Electronics Protection - November/December 2012 - (Page 14)

Feature Don’t Call it a Box! Instrument Cases Can Combine Strength and Eye Appeal Justin Moll, Vice President, US Market Development Pixus Technologies Electronics enclosures have all types of monikers: cases, chassis, shelves, racks, enclosures and box. A rose may be a rose and an enclosure is an enclosure, but the design of any desktop or portable instrument case should be attractive without breaking the bank. Unless your new product is an upgrade of a highly successful device or if you know you have an instant winner, you probably won’t be hitting the volumes to merit a highly-customized aesthetic design off the bat. When trying to launch your product, what probably suits your needs the best is an off-the-shelf or “modified standard” of a modular enclosure. A modular design allows the flexibility in the sizes and configuration, keeping design time and costs low. But, when it comes to off-the-shelf, you don’t have to settle for bottom shelf in the aesthetics department. Let’s face it, a lot of instrument case look like metal crates, not exactly the way you want to present your analyzer, test/diagnostic device or other electronics equipment. There are several ways an enclosure can be designed for aesthetics and practical use. First, rounded corners can be employed as opposed to straighter edges that hurt if you bump into one. Even better if the corner members or other part of the enclosure can come in different color options that add a nice eye appeal. (See Figure 1). An enclosure that allows accentuations, such as color matching caps, groove segments, and curvaceous designs add an extra appeal. Even a nicely-finished hinged door on the front or glazed acrylic glass door can imFigure 1. Corner members of the encloprove aesthetics. sure protect the equipment and come Accessories for the in various colors and styles for aesthetic appeal. These shown can also act as eninstrument case should closure feet while providing an air gap. also stand out. The same old straight handle with a simple rubber grip can be boring. Designs with curved reserveangle styles and quick attachments in standard color options are more interesting. These types of handles add to both aesthetics and ergonomics. The options like the plastic or rubber polyamide molded feet can come in different styles and colors, matching the frame of the enclosure. It should also be pointed out that a stand-alone desktop or mounted system can be much more attractive than a rack. A 19 inch rack with several enclosures plugged in is fine for the back room, but not ideal for the showroom. The device maker can mount the enclosure onto a cart for easier HMI (HumanMachine Interface) with an attractive appears. Often wheels will be mounted for portability. An important consideration for many applications is EMC. The design of the covers and inside components can inherently help with EMI, while additional gasketing can be employed. The all-metal design with contact points provides EMC protection. EMC expansion flanges can be incorporated in certain types of designs to allow for extra gasketing. Even simple Figure 2. The same enclosure components such as corner caps, type for a desktop enclosure is which accentuate the design while rugged enough for many emprovide a gap (like feet) between bedded applications. The figure the enclosure and the desktop. shows a custom backplane in a This provides extra space for air10U communications case. flow, while protecting the desktop from being scratched by the enclosure. Design Versatility As design engineers have a wide range of requirements for their application, it’s important to offer versatility. A modular design provides flexibility with a wide range of depths, heights and configurations. The enclosures can have threaded inserts with tapped holes at regular intervals for all type of shelf and component mounting. Further, optional fans can easily be mounted on the rear or bottom of the chassis for front-to-rear or bottomto-top cooling. Perforated covers for each cooling type can also easily be provided in a modular design configuration. Grounding or earthing sets can be incorporate with ease. Modular enclosures can also be easily modified into different types of configurations. This includes tower enclosures, facilitated with pre-set mounting holes to rotate a horizontal enclosure on its end and utilize the extrusions for the internal mounting, feet, etc. Accessories such as flip-down keyboard lids, keylock doors, adjustable height feet, front Figure 3. An exploded view of an handles, and mounting flanges, instrument case with options such as add to the versatility of flavors an acrylic door, swivel carry handle/ for the enclosures. A variety of stand and flip-down keyboard holder/lid. acrylic or glass doors also enhances the enclosure appeal. See Figure 3 for a unit showing several of these options. Not Just a Pretty Face The Right Solution Aesthetic enclosures have also been used for backplane-based systems. The enclosure can be rugged enough for industrial use. Figure 2 shows a 10U enclosure with a custom backplane for embedded applications. The insides of the cases can be designed to allow a wide range of options. Using modular extrusion-based materials, the case can allow flexibility in not just the placement of shelves, grounding contacts, but also a card cage with guides for Eurocard type boards. 14 Success in the instrument case market is finding the right solution for the customer that meets their quality, lead time and price expectations. A modular design of the components allows unique configurations at a sensible price even for smaller and medium volumes. But, incorporating the modularity of aesthetics into the enclosures offers a way for each new design to appear fresh unique, and not just another “box”. For more information please visit www.pixustechnologies.com November/December 2012 www.ElectronicsProtectionMagazine.com http://www.pixustechnologies.com http://www.ElectronicsProtectionMagazine.com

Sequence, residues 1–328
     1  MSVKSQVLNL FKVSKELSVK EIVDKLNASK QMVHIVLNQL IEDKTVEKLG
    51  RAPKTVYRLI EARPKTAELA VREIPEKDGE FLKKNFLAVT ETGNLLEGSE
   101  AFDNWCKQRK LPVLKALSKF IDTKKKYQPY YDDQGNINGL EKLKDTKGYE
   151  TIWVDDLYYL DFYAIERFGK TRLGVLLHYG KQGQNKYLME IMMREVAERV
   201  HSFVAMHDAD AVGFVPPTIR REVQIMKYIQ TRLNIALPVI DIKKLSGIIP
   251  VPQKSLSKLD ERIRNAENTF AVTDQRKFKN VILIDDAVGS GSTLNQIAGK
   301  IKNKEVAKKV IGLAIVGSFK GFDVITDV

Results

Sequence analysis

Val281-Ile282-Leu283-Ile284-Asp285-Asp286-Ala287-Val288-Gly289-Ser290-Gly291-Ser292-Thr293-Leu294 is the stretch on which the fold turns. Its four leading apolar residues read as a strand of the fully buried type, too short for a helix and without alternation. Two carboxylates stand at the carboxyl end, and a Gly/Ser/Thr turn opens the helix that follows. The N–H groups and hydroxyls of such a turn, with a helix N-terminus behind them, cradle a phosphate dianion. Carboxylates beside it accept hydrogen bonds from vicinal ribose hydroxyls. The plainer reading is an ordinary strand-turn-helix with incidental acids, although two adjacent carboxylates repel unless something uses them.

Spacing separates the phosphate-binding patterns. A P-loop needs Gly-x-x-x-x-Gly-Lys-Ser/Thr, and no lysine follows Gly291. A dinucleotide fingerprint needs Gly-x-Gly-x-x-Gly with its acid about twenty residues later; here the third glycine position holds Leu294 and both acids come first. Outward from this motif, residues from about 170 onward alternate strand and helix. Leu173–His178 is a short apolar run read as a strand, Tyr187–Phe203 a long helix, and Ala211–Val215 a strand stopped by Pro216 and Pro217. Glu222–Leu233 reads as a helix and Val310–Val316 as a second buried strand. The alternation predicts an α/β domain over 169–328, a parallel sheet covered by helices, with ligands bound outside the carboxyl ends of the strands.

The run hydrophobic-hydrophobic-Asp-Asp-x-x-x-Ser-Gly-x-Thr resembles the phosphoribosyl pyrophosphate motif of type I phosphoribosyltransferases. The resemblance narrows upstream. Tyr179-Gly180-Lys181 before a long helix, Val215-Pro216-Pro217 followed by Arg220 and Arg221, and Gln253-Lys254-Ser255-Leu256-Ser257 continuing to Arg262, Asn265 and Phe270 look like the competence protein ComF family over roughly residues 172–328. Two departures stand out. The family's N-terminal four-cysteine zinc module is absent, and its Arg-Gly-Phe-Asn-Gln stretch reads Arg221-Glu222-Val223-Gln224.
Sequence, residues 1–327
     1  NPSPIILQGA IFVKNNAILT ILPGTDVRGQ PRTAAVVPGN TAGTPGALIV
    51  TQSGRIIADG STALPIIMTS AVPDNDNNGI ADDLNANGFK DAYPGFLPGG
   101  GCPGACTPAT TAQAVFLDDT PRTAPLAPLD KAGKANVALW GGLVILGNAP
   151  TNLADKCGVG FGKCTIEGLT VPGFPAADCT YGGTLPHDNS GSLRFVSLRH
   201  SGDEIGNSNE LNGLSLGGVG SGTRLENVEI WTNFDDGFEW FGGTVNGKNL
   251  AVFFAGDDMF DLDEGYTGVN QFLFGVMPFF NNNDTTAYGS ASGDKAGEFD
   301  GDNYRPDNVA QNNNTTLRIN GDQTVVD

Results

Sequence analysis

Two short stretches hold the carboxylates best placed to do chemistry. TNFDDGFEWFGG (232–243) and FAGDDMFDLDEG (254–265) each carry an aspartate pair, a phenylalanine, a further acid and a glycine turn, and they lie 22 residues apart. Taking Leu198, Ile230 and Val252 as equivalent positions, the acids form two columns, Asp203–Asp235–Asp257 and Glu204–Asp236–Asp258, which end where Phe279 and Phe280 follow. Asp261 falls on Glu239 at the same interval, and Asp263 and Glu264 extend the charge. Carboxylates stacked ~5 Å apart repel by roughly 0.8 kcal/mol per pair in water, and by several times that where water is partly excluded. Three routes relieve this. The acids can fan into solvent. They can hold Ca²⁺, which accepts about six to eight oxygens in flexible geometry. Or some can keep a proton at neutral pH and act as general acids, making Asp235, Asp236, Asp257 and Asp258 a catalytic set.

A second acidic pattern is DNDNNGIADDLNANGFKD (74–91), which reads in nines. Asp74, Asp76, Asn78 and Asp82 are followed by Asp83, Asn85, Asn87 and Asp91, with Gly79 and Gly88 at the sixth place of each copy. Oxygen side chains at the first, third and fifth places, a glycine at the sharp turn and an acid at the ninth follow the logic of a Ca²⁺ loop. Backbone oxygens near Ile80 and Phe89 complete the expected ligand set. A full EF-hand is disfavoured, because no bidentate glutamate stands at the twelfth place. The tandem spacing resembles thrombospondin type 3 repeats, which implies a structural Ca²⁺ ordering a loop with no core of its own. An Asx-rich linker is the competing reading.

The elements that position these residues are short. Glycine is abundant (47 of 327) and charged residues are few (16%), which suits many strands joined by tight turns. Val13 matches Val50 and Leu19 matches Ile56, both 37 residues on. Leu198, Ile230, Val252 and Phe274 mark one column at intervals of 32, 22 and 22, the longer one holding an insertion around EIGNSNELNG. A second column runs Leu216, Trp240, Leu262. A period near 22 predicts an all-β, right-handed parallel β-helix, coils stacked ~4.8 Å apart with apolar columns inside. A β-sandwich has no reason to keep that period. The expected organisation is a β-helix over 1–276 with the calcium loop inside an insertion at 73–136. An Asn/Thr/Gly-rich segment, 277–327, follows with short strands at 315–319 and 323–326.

Table of Contents for the Digital Edition of Electronics Protection - November/December 2012

Electronics Protection - November/December 2012
Buckeye Shapeform Provides Nuclear Lab New Case Options
Collaborative Design of Custom Enclosures - An Overview of the Process
Lowering Data Center Energy Bills: DCIM to the Rescue
What the New NFPA Workplace Electrical Safety Provisions Mean for Data Center Managers
Mitigating Risks Through Power Distribution Design
Don’t Call it a Box! Instrument Cases Can Combine Strength and Eye Appeal
L-com Adds New Sizes to Its Non-Powered Weatherproof Industrial Enclosures Line
Nusil Presents Thermally Conductive Electronic Packaging Material
Lapp’s Cable Glands Deliver EMI Protection and Simple Installation
New Surge Suppression Solution to Shield Electronics from Surge Energy Let-Through
Chatsworth Products Increases Surface Area on Cable Pathways by 400 Percent
Industry News
Calendar of Events

Electronics Protection - November/December 2012